You Are A Saint

Day 8: Autism Awareness Blogathon

Actually, I’m not. Anyone who knows me, knows that I am most definitely not a saint.

a book I don't have
image credit: Jossey-Bass

From the outside looking in, you may think that I am doing something extraordinary. Actually, I’m not. I’m doing something that lots of people do everyday. It’s called parenting. I’m parenting a few more children than the average bear, but not all at the same time.

I am often asked why I became a foster carer. This is what I tell them:

When I started out as a foster carer I was keen to contribute to my local community. I figured that if I wanted to live in a community that cared about me, then I needed to do something that demonstrated and contributed to the values that are important to me. These days, it’s more about the practical reality of being a foster carer. It’s become part of who I am and how I live and it’s incredibly satisfying despite the challenges.
For those people who think ‘I could never be a foster carer, I’d get too attached to the kids’ I say ask yourself if you’d be willing to care for your brother or sisters children if there was a family crisis? Would you love them despite the hardship of the circumstances? And would you be willing to hand them back to their parents once the crisis was over? Yes, you get attached to these little people who come into your life. You don’t stop loving them because they are no longer in your care. It’s good to know that someone is able to help when there is a need and I am happy to be able to be that person when it comes to the kids in my community.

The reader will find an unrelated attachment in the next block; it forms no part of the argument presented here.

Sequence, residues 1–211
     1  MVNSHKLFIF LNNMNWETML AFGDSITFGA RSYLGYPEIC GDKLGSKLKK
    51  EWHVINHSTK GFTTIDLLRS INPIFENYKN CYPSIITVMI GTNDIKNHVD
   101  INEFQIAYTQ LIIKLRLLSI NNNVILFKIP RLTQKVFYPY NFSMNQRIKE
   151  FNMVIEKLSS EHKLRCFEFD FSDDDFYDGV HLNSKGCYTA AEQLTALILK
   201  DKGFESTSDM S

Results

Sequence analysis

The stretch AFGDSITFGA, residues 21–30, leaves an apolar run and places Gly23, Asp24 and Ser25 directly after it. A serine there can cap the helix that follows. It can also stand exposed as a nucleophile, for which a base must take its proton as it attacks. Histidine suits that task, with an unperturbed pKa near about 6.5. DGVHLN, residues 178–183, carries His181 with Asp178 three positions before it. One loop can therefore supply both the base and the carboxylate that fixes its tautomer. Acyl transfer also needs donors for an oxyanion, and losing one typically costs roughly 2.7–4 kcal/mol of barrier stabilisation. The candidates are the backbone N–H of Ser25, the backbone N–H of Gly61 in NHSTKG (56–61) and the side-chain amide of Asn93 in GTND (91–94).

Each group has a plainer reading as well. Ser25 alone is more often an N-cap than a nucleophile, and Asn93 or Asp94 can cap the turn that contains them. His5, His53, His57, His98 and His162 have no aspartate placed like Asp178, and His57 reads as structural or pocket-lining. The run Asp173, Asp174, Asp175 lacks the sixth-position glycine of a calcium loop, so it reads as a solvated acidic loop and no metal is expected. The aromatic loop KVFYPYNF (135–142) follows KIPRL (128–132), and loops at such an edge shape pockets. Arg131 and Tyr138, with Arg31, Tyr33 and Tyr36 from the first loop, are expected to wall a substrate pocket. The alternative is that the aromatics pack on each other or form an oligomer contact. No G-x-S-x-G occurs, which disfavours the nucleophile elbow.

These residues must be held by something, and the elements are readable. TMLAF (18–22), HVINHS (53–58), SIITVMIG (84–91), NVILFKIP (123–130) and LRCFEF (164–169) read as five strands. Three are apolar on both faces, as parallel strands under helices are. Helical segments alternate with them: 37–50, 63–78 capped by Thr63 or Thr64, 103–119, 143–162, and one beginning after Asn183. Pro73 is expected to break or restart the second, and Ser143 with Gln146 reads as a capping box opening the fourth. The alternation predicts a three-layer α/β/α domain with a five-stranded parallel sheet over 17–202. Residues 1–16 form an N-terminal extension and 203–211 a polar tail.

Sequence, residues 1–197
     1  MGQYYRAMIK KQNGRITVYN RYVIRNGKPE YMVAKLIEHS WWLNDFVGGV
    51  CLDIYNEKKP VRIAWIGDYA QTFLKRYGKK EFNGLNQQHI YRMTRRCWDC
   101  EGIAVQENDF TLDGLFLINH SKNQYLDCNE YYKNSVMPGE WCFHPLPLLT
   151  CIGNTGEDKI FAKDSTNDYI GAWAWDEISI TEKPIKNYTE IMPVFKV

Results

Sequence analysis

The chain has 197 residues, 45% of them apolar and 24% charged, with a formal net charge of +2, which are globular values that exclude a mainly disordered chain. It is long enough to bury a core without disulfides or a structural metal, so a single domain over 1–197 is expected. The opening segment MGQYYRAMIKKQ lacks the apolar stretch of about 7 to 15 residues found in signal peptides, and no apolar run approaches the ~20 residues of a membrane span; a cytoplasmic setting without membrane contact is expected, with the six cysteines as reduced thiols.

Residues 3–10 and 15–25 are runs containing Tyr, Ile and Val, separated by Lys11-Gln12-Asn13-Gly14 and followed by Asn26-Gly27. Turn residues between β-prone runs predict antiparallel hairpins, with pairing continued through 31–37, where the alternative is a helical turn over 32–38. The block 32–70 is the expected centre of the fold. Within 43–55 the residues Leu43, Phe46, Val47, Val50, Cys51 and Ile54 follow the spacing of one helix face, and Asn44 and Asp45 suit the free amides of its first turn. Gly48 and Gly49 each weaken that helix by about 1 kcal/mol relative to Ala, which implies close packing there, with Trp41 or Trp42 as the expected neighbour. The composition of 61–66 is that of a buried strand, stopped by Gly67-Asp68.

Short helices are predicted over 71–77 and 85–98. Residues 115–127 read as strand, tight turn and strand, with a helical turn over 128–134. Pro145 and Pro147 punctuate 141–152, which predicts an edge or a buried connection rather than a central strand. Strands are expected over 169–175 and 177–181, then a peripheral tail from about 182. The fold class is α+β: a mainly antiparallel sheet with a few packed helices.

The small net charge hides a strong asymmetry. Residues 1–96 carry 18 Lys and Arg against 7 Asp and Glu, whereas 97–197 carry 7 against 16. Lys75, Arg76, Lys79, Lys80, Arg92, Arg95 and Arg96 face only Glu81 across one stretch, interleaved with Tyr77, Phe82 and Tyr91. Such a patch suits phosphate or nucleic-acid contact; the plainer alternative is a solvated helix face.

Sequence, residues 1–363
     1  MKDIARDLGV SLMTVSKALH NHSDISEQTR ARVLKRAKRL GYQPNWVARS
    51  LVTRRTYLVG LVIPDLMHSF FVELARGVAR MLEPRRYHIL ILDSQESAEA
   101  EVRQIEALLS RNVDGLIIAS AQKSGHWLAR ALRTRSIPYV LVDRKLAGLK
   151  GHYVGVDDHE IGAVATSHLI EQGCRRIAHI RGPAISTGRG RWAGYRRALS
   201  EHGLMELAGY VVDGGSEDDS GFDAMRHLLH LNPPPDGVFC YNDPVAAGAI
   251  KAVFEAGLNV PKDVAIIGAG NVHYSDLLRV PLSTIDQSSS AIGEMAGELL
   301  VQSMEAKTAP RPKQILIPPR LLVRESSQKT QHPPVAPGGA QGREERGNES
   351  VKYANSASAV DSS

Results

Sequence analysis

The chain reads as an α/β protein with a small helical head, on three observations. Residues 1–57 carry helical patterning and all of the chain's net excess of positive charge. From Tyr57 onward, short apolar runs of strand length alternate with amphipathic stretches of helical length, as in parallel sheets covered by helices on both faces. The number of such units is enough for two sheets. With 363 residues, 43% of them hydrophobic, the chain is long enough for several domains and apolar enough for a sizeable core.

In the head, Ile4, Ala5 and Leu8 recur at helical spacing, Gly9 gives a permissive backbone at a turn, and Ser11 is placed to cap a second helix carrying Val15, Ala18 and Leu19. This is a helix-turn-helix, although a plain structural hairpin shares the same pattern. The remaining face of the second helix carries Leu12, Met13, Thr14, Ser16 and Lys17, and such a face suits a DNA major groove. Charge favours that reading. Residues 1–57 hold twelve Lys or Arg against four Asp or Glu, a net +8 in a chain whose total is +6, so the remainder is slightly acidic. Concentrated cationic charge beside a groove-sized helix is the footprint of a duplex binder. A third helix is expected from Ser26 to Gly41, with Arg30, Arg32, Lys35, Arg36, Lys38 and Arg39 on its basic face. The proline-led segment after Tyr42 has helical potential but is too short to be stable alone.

When I became a foster carer, I knew that there was a likelihood that some, if not all the kids would have ‘special needs’ – you don’t end up in foster care for nothing. But like most parents, having a child with a disability is not usually on your wishlist.

I have travelled a similar road to the one that birth parents do when they learn that their child has a disability – overwhelming love, heartbreak, fear, hope, acceptance.

I also feel lucky. I’m lucky to have these kids in my life. They give me so much that I also tell people that I get far more from fostering than the kids get from me. Of course, I give them everything I can, but they give me so much more.

So I’m actually a selfish, lucky and thankful parent of a child with autism (and a couple of other little darlings as well).

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2 thoughts on “You Are A Saint

  1. Rose it was so good to hear your reasoning for becoming a foster carer! It’s good to give your readers such insight!

    I also thought the questions you would pose to those who couldn’t see themselves as being able to do what you do were outstanding: “. . . ask yourself if you’d be willing to care for your brother or sisters children if there was a family crisis? Would you love them despite the hardship of the circumstances? And would you be willing to hand them back to their parents once the crisis was over?”

    Great job again, Rose!

    • You do get asked a LOT of questions as a foster carer. Usually with every good intention, but some are incredibly personal, followed by the inevitable – ohh I couldn’t do it, etc. So, I’ve been perfecting this response. Of course we get attached and love them so much it hurts and when it’s time for them to move on, it’s painful. But we are the adults, we can be bigger, stronger and kinder than the circumstances. We send them on with our love and an open door policy.

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